Quebec’s balanced books give Legault room for tax breaks

Quebec’s balanced books give Legault room for tax breaks
Quebec plans to balance its budget for a fifth straight year following a record surplus, enabling new Premier François Legault to give tax breaks to families, homeowners and older workers.

Canada’s second-most populous province benefited from a surge in tax revenue and lower borrowing costs that led to an operating surplus of $5.6 billion (Canadian) for the year ending March 31, the largest since at least the 1970s. The surplus was $2.5 billion after contributing to a debt reduction pool known as Generations Fund.

Legault, whose Coalition Avenir Quebec took power for the first time in October, has vowed to retain investor confidence by sticking to his predecessors’ fiscal discipline. He’s facing less favourable conditions, as slowing growth and an aging workforce put pressure on the government to make the economy more competitive.

“Last October we found public finances in good shape — we will continue to improve them,” Finance Minister Eric Girard told reporters after releasing the budget in Quebec City Thursday.

Legault inherited a balance sheet that is the envy of most Canadian provinces. While most regions are running sizable deficits, led by Ontario, Quebec is forecast to post another $2.5 billion operating surplus next fiscal year, followed by $13 billion more in combined surpluses over the next four years. By law, Quebec is required to set aside any surpluses into a stabilization reserve, resulting in a balanced budget.

Spending Boost

That fiscal room allows for a 5 per cent increase in program spending for 2019-20, to $104 billion. Revenue is forecast to rise 1.8 per cent to $115.6 billion, including transfers from the federal government.

Brian Calder, a trader and fund manager at Franklin Bissett Investment Management in Calgary, said before the budget was released that investors are comfortable with the new government because it “ didn’t really skip a beat’’ in following its predecessor’s fiscal track record.

The confidence shows in Quebec’s borrowing costs, which have declined at a faster pace than Ontario, which hasn’t disclosed a path to balance. Quebec’s 10-year bonds yield about 2.42 per cent, or three basis points less than Ontario, according to Bloomberg Valuation data.

Still, Quebec’s past spending sprees over decades is still showing up in its relative debt levels, which are the highest in the country after Newfoundland. The government, which accelerated debt buybacks since coming to power, plans to pay down $11.3 billion this fiscal year, using about $8 billion from the generations fund.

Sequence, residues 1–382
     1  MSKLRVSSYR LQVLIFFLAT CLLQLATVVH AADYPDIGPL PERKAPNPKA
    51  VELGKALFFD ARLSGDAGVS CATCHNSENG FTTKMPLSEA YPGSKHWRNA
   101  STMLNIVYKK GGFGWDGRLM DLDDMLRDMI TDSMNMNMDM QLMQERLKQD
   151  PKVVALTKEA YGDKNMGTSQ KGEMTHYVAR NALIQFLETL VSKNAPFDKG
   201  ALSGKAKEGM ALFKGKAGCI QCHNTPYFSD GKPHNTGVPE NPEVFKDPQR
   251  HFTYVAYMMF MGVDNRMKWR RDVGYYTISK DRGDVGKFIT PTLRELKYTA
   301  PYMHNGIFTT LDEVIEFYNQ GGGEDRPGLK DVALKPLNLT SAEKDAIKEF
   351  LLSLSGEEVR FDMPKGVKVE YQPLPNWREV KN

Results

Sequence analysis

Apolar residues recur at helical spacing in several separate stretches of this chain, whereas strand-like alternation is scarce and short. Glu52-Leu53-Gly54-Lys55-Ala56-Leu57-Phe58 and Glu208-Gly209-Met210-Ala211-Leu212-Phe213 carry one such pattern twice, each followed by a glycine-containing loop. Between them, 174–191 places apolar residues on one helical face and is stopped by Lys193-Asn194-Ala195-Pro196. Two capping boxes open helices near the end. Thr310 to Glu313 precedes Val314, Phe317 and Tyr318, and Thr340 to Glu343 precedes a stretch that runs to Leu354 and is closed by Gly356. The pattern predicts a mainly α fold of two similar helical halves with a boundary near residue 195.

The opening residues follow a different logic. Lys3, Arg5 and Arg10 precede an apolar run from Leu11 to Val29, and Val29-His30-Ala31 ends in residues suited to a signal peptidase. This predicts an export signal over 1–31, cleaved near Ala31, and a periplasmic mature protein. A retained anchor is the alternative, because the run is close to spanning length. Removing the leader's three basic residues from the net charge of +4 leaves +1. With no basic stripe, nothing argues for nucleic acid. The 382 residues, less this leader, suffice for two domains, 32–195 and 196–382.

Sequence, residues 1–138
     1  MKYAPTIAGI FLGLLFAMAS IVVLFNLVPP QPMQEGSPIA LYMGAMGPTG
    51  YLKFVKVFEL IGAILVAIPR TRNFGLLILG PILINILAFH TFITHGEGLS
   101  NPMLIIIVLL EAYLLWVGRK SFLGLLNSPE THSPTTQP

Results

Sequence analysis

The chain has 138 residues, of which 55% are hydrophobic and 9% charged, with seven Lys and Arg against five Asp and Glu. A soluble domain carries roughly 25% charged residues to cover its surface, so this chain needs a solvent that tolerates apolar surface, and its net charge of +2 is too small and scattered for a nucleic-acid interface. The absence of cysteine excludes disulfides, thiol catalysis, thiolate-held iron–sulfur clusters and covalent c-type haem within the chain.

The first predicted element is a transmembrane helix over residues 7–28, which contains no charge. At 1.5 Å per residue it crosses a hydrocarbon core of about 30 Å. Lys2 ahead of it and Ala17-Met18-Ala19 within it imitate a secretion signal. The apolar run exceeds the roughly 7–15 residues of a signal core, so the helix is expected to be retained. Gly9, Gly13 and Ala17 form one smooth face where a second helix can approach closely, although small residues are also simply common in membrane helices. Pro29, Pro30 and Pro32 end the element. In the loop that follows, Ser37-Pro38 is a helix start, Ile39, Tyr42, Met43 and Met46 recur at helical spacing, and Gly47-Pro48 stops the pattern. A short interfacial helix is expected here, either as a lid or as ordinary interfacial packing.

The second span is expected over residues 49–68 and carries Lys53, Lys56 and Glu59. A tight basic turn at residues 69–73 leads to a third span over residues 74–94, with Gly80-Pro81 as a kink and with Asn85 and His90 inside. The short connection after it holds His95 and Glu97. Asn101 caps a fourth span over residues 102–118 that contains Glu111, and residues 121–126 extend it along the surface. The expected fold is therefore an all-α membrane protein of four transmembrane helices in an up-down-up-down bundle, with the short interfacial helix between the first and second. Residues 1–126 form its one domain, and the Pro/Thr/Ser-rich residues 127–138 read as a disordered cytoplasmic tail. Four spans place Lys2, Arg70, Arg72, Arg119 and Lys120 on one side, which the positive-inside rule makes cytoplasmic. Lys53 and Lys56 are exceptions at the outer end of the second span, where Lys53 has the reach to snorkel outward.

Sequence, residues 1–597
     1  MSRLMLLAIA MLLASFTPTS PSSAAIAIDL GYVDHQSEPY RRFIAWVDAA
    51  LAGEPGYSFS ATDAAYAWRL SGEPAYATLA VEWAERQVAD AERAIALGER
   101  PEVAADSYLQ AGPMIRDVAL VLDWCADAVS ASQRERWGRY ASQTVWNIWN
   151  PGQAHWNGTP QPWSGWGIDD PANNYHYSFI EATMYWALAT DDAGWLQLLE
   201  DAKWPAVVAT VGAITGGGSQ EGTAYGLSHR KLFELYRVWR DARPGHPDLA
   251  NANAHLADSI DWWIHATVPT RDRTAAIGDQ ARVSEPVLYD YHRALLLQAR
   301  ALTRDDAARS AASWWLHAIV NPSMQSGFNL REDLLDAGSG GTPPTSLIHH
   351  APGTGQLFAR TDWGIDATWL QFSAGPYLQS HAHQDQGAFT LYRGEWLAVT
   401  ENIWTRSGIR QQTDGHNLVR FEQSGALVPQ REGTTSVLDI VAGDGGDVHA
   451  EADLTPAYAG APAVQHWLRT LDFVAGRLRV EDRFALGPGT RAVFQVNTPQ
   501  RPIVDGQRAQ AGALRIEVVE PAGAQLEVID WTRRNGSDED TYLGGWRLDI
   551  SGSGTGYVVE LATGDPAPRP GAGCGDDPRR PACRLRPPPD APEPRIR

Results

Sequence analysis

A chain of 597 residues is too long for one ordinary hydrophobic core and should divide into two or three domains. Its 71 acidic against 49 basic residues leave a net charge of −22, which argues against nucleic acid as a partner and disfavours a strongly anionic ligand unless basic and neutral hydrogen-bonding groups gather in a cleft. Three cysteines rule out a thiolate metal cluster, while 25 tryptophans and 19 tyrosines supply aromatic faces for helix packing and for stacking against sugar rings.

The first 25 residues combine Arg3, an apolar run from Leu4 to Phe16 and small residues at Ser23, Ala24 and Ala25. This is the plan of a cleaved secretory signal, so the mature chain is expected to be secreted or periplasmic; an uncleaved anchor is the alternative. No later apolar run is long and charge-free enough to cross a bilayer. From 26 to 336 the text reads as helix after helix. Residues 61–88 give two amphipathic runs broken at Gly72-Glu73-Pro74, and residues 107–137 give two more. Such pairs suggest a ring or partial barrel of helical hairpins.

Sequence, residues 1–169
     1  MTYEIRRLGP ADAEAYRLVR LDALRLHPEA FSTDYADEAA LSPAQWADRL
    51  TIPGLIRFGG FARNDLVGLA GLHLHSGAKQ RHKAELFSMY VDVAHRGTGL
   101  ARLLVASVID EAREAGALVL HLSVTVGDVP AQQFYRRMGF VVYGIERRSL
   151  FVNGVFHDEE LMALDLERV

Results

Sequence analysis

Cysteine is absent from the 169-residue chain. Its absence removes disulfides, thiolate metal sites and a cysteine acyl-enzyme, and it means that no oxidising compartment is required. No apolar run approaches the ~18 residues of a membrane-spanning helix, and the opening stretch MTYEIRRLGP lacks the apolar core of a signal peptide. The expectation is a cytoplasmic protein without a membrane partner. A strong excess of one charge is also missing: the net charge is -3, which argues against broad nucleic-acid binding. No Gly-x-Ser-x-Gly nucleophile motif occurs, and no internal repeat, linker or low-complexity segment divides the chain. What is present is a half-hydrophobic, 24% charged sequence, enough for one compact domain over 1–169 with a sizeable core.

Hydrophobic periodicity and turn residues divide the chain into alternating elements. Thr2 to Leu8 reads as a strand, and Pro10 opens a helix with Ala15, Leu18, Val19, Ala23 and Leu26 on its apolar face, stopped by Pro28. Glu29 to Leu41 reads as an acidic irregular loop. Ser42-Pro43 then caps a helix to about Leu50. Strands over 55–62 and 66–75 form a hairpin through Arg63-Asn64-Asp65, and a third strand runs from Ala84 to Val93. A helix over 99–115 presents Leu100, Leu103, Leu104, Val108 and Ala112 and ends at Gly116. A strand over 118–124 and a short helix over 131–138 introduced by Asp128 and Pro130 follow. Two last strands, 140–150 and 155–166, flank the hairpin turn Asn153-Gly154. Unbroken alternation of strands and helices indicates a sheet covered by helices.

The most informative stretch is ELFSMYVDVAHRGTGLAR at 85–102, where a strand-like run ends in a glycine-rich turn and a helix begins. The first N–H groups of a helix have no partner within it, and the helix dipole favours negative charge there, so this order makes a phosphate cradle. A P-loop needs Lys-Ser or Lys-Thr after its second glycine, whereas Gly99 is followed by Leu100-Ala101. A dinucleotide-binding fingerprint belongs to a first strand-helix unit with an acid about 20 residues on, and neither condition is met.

Fiscal Prudence

Debt as a percentage of gross domestic product will be 46 per cent as of March 31, dropping to 45 per cent of GDP by 2021, five years earlier than originally forecast.

“They do need to maintain this course of fiscal prudence over the long run,’’ said Calder, who oversees about $6 billion in fixed income, including Quebec bonds. “ It’s going to take them a long time of sustained effort to pay down that accumulated debt.’’

Quebec plans to borrow $11.8 billion in 2019-20, down from $15.6 billion this fiscal year as it took advantage of low interest rates to prefinance $4.2 billion. About 17 per cent of borrowing was in foreign markets this fiscal year, and the province issued two green bonds.

The budget is built on projected economic growth of 1.8 per cent in 2019 and 1.5 per cent for 2020, down from 2.3 per cent last year. Growth is expected to slow even further for the following three years, to 1.3 per cent.

Retiring Workers

One of the most pressing issues is to cushion the decline in the labour pool due to retiring baby boomers, which has created staff shortages across the province as unemployment hovers near record lows. The jobless rate is forecast to fall even further by 2023 to 5 per cent, from 5.4 per cent this year, according to budget documents.

About a quarter of the population in Ontario aged 60 and older are still in the workforce, compared with just a fifth of that age group in Quebec.

“Our goal is quite clear — bridge the gap between Ontario and Quebec,” Girard said. “That would mean 90,000 more workers on which to count for economic growth and wealth creation.”

Girard offered payroll tax cuts to employers of workers aged 60 and above, and enhanced tax breaks for their older employees to encourage them to remain in the workforce. That adds to fiscal incentives previously announced to boost corporate investment and improve productivity.

“They’re trying to sow the seeds of future growth” said Sebastien Lavoie, chief economist at Laurentian Bank Securities in Montreal. “If you want to continue financing government programs, you have no choice but to generate revenue.”

The budget includes $16.2 billion in new programs and tax breaks for 2018-2024, including:

A $1 billion fund to help develop ‘strategic’ businesses in Quebec, including a team to “protect” head offices.

Introduction of full-year kindergarten for four-year-old children. The plan will be optional, and cost the government $1 billion over five years.

A reform of the provincial school tax system, which reduces property taxes by $1.24 billion over five years.

Spending more than $700 million over six years to develop artificial intelligence training and support innovative businesses.

Extend electric vehicle subsidies, with grants of up to $8,000 for new and used cars. The federal government announced a similar $5,000 credit in its budget Tuesday.
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